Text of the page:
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Comcast's $300 tier outpaces FiOS's fastest downstream speeds and matches its best upstream speeds in several Northeastern markets

Comcast Revs Up Pricey 305-Meg Tier

Jeff Baumgartner
LR Cable News Analysis
Jeff Baumgartner
7/24/2012
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Comcast Corp. (Nasdaq: CMCSA, CMCSK) has unleashed a new Docsis 3.0 tier that will max out at 305Mbit/s downstream and 65Mbit/s upstream and sell for $299.95 per month as the operator looks to one-up a new 300Mbit/s FiOS service that Verizon Communications Inc. (NYSE: VZ) launched about a month ago.

Comcast has introduced the new tier, called Xfinity Platinum Internet, in several Northeastern systems, including Boston; Hartford, Conn.; Philadelphia, Pittsburgh and Harrisburg, Pa.; Wilmington, Del; Baltimore; Richmond, Va.; Washington; and New Jersey. In those markets, Comcast is also upping the speeds of its Blast! Tier from 25Mbit/s to 50Mbit/s; while Extreme 50 customers will now get 105Mbit/s at no extra cost. Comcast hasn't identified where the new speeds will debut next, but most of its footprint is already upgraded to Docsis 3.0. (See Comcast 'Completes' Docsis 3.0 Rollout.)

DSL Reports caught wind of the new 305-Meg tier late last week after Comcast Cable President and CEO Neil Smit brought it up during a webcast with employees.

In addition to the faster speeds, the new Platinum tier also comes with a wireless gateway, a "dedicated Personal Communications Consultant" assigned to the customer, Xfinity Signature Support (which regularly sells for $9.95 per month) and the company's Constant Guard Security suite.

Why this matters
To hit those speeds, Comcast is starting to take full advantage of Docsis 3.0 modems that can bond eight downsteam channels and four upstream channels. A new chip from Intel Corp. (Nasdaq: INTC) is capable of bonding 24 channels and eight upstream channels.

Update: Comcast confirmed that it is using fiber and its Metro Ethernet platform, not Docsis 3.0, to deliver the new 305Mbit/s tier, at least at this early stage. The MSO is content to use fiber for "ultrafast" speed tiers (those that offer more than 200 Mbit/s) while it gauges consumer demand for such residential products. Comcast, however, is using Docsis 3.0 to deliver its 105Mbit/s residential high-speed Internet service. (See Comcast, HBO Back Zeebox.)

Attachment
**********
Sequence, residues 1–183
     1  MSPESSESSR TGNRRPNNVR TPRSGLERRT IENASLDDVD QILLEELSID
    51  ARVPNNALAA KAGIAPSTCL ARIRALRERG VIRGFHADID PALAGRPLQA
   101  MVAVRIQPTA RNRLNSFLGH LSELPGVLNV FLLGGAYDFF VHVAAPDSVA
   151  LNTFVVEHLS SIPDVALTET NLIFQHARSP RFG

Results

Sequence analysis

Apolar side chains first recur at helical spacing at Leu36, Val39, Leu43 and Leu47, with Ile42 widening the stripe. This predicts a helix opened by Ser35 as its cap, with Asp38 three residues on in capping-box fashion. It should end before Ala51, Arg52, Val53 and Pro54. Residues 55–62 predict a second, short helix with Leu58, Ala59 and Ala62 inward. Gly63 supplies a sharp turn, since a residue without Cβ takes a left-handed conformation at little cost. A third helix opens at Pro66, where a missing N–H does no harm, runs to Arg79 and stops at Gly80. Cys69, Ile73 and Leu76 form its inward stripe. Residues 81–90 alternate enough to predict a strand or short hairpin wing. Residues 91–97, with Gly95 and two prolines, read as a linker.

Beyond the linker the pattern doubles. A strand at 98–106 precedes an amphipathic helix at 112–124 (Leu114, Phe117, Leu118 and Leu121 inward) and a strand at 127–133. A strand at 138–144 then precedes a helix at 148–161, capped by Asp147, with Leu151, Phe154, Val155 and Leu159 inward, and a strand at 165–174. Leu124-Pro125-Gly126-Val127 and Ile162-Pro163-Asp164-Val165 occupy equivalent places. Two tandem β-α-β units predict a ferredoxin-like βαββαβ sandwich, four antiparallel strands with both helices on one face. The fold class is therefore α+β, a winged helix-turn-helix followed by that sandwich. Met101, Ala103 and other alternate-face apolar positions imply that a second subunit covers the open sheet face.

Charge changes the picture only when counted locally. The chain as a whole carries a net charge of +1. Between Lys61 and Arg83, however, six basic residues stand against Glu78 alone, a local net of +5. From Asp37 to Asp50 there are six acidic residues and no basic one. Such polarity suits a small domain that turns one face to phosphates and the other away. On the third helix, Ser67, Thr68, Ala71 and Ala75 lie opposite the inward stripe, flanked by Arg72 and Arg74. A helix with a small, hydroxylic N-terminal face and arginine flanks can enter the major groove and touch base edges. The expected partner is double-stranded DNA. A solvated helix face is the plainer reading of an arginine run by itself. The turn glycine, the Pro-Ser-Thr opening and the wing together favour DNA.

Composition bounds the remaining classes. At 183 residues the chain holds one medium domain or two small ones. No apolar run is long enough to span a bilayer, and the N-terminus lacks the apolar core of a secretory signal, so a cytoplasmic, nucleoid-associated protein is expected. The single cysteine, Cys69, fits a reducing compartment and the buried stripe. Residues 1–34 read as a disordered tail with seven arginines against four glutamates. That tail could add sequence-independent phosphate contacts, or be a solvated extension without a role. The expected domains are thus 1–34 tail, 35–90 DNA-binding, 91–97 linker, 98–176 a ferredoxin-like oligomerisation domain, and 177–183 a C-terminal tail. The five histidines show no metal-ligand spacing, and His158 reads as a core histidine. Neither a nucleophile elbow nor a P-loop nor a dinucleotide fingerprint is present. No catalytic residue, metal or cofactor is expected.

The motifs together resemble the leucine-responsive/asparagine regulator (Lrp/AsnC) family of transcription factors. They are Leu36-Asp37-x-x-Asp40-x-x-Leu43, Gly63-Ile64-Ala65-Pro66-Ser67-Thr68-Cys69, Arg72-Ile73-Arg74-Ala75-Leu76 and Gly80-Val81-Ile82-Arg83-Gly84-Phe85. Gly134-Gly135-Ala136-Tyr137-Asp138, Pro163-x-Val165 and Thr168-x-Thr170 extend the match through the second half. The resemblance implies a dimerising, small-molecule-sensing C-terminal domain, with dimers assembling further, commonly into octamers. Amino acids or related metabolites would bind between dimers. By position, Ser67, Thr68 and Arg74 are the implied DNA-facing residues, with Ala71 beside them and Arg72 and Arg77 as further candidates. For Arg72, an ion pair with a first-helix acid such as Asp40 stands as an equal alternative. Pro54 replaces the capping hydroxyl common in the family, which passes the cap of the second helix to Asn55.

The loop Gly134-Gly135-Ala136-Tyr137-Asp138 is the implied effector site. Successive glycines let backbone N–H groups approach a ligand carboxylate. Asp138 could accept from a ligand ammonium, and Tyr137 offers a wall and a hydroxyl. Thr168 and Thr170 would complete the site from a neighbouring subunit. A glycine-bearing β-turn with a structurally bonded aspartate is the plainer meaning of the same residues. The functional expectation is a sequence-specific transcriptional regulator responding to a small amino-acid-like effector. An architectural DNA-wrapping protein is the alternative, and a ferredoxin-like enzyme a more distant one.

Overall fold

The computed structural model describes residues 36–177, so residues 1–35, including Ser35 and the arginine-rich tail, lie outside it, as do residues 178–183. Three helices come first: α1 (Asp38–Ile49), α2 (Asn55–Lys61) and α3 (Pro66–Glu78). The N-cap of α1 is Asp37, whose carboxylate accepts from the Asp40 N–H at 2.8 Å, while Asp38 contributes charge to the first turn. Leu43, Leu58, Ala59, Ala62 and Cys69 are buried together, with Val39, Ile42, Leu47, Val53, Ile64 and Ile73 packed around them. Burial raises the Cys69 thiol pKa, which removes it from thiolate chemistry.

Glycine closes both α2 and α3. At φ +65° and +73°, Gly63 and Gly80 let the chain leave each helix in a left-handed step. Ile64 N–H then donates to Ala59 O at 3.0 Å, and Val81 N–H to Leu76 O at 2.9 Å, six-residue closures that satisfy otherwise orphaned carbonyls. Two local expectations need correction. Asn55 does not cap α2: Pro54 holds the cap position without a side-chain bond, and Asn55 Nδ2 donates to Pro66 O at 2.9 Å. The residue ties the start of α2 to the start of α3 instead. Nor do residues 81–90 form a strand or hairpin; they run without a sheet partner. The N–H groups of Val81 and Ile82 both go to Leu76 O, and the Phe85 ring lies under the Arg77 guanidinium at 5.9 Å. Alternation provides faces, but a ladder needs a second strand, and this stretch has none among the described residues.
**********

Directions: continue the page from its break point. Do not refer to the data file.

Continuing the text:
Comcast's new tier is largely a marketing play, as it's unlikely that many of Comcast's residential customers can afford it or even need speeds that burst to 305 Mbit/s. However, Comcast, as Verizon suggested when it launched its newest tier, said the loftier speeds will come in handy as more of its customers simultaneously connect to the Internet via tablets, laptops and smartphones to do things like stream movies, upload photos and use videoconferencing apps.

Comcast's launch should also get some positive attention of regulators that are reviewing the proposed sale of wireless spectrum from four cable operators, including Comcast, to Verizon Wireless . There are some concerns that the spectrum sale and service bundling agreements between the cable ops and the wireless carrier will result in less landline broadband and video competition between the two sides. (See Verizon & Comcast Deny a TV Truce .)

For more



— Jeff Baumgartner, Site Editor, Light Reading Cable

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Jeff Baumgartner
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Jeff Baumgartner,
User Rank: Light Beer
12/5/2012 | 5:26:42 PM
re: Comcast Revs Up Pricey 305-Meg Tier


In markets where these tiers end up going  head to head, Verizon's 300-meg tier's undercuts Comcast's price fairly deeply  -- Verizon's is running $209.99 per month with a two-year contract or $209.99 per month without. Not that it will matter too much early on with the few people who will want and pay for these tiers, but.. JB